Do Employees Understand Your Desired Culture?

Do Employees Understand Your Desired Culture?
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Do Employees Understand Your Desired Culture?
If you ask your employees to describe your corporate culture, you may be surprised by their answers.  If there is a disconnect between how you want your workforce to think and behave and how they actually treat each other and get work done on a daily basis you, and your business, are in for trouble.

The larger the gap between your current and desired workplace culture, the larger the gap between your ability to execute your business and talent strategies.

The Importance of Cultural Alignment at Work
We know that cultural alignment at work has a quantifiable impact on business and people performance.

  • A recent Harvard Business School research report described how an effective culture can account for up to half of the differential in performance between organizations in the same industry.
  • Our organizational alignment research found that cultural factors account for 40% of the difference between high and low performing companies in terms of revenue growth, profitability, customer loyalty, leadership effectiveness, and employee engagement.

What Is Corporate Culture?
We define culture as how things truly get done in an organization. It can be measured by understanding the way people think, behave, and work.  This includes the known and unspoken values and assumptions that drive key business practices and behaviors.

Corporate culture is often set in large part by its leaders.  In fact, how leaders define ,model, and align their corporate culture has become a critical variable in defining the success and failure of their corporate strategies.

How Organizational Culture Can Work Against Corporate Strategy
Companies need to regularly assess cultural norms to ensure that they fully align with the organization’s strategic goals.  If leaders aren’t thoughtful about how work gets done in terms of customer centricity, market approach, decision making, risk taking, innovation, and process variation, the company culture may make it difficult to execute key strategies.

For example, one recent high-tech client formed a strategy that called for high levels of customer intimacy to win work, but their internal processes were built to support an outdated and transactional approach to dealing with clients.  This caused new deals to get stalled and made it almost impossible to create the required bespoke solutions for their new clients.

Another financial services client found that their inability to make decentralized decisions inhibited their strategy to rapidly scale.

Four Steps to Shape the Corporate Culture You Want

  1. Create a Clear Strategy
    Because your strategy must go through your people and your culture to be successfully implemented, your first task is to ensure that “What” you are trying to accomplish is crystal clear and believable to all key stakeholders. You will know you are on the right path when your strategic priorities can be captured on a one-page strategy map and be articulated by those in charge of executing it.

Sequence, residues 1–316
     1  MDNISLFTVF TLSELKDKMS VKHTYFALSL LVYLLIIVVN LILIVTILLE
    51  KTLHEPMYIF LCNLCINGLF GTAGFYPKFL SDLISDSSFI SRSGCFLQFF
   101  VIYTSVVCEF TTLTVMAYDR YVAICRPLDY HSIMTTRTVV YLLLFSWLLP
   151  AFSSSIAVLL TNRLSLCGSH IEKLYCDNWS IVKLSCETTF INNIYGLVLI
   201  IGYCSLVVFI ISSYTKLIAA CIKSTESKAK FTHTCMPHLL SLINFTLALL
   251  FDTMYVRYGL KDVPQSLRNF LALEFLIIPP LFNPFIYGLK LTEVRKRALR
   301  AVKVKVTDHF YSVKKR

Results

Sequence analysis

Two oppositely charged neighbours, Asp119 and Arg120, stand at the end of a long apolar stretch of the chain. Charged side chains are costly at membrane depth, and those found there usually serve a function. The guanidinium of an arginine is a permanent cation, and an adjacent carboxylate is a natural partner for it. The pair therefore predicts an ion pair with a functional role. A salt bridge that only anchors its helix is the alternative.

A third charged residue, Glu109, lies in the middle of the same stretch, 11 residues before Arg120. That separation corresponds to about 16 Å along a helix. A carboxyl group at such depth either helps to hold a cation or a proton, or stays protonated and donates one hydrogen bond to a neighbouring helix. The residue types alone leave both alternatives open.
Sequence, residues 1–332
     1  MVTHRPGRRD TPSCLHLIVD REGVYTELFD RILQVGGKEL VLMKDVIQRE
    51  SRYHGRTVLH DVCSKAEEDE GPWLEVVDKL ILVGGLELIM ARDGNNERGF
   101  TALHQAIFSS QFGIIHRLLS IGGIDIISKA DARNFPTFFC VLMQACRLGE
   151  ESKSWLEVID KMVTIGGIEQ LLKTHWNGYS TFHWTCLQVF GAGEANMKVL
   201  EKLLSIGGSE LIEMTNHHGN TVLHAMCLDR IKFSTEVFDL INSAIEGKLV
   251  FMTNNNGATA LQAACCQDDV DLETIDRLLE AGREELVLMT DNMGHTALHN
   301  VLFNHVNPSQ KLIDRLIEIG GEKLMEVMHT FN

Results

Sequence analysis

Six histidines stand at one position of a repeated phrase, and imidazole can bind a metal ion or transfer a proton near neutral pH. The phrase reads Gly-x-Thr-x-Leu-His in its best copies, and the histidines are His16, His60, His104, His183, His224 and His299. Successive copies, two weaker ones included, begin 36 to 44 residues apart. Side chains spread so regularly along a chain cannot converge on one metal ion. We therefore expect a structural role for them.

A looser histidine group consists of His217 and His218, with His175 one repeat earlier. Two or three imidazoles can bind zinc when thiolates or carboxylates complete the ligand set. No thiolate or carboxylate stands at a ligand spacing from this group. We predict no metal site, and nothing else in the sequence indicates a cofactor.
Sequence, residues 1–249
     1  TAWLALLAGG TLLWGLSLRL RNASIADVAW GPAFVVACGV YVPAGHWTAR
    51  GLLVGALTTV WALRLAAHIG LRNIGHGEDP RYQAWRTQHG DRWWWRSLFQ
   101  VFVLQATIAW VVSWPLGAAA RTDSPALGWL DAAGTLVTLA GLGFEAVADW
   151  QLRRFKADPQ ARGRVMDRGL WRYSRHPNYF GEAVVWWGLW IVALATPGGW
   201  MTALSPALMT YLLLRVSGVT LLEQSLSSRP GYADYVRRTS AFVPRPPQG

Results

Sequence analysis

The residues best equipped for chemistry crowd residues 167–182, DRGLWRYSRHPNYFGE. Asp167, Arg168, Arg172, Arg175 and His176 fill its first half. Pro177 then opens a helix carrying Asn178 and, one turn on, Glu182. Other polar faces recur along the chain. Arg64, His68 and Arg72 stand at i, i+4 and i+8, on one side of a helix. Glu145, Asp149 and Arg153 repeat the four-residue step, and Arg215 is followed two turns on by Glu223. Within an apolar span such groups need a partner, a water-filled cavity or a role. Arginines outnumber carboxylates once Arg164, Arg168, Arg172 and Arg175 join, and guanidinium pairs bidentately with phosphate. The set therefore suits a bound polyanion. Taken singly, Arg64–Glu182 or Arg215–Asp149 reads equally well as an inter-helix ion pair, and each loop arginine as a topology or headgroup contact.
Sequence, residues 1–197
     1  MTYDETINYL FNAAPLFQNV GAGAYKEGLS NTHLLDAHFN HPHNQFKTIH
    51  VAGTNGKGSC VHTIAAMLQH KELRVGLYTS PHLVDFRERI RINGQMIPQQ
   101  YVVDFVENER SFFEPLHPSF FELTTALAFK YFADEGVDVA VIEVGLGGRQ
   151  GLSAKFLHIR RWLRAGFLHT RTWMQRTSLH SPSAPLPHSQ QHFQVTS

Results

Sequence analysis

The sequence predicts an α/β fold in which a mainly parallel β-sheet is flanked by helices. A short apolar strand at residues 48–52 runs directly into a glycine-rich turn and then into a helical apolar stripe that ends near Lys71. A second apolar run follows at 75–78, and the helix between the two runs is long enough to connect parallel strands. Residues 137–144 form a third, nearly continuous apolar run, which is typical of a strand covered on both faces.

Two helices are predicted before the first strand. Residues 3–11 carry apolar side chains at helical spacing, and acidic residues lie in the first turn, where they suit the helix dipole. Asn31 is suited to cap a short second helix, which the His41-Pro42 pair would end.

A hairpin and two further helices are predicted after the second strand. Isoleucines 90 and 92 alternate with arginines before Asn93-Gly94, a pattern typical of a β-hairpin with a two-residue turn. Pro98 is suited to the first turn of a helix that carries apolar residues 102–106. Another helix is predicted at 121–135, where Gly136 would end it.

2. Define Your Desired Workplace Culture
    Once your strategic direction is set, it is time for those responsible for creating the strategy to define “How” work needs to get done in order to best execute the strategy. We recommend defining your desired workplace culture across 10 research-backed cultural dimensions.  When leaders agree on how to treat customers, go to market, make decisions, share information, and manage risk, it provides clear direction about “The Way” work needs to get done.
  3. Assess Your Current Workplace Culture
    Once your leadership team knows how you want people to think, behave, and work across the ten dimensions, your next step is to assess your current culture to identify the most important cultural gaps that must be closed in order to set your strategy up for success. It is one thing to know how you want people to behave, it is another to understand “how” work currently gets done.

    Only your employees can tell you what it is truly like to work in your organization.

  4. Create a Plan to Close the Gaps
    As with any change, it is important to effectively communicate expectations and monitor progress. Be clear about what specific practices and behaviors will support and promote your company’s strategy.  Make sure the desired cultural expectations are monitored, modeled, and rewarded by leaders, managers and team members alike.

The Bottom Line
Are you sure that your leaders and employees have understood your desired culture?  Are you sure that your culture is helping and not hindering your team’s ability to move your business strategy forward?  If not, you have some culture work to do in order to ensure that your company is firing on all cylinders.

To learn more about how to ensure that your leaders and employees understand your desired culture, download The 3 Levels of Corporate Culture to Get Aligned

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